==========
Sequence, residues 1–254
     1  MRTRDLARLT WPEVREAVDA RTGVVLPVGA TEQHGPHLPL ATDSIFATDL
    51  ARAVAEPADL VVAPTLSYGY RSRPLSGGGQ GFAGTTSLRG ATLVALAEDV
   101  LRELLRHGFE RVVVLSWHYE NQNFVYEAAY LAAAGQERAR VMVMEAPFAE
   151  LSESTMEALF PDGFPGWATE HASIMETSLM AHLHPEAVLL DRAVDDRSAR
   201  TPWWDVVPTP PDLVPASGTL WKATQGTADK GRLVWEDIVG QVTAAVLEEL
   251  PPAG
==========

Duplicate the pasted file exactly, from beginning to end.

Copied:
Sequence, residues 1–254
     1  MRTRDLARLT WPEVREAVDA RTGVVLPVGA TEQHGPHLPL ATDSIFATDL
    51  ARAVAEPADL VVAPTLSYGY RSRPLSGGGQ GFAGTTSLRG ATLVALAEDV
   101  LRELLRHGFE RVVVLSWHYE NQNFVYEAAY LAAAGQERAR VMVMEAPFAE
   151  LSESTMEALF PDGFPGWATE HASIMETSLM AHLHPEAVLL DRAVDDRSAR
   201  TPWWDVVPTP PDLVPASGTL WKATQGTADK GRLVWEDIVG QVTAAVLEEL
   251  PPAG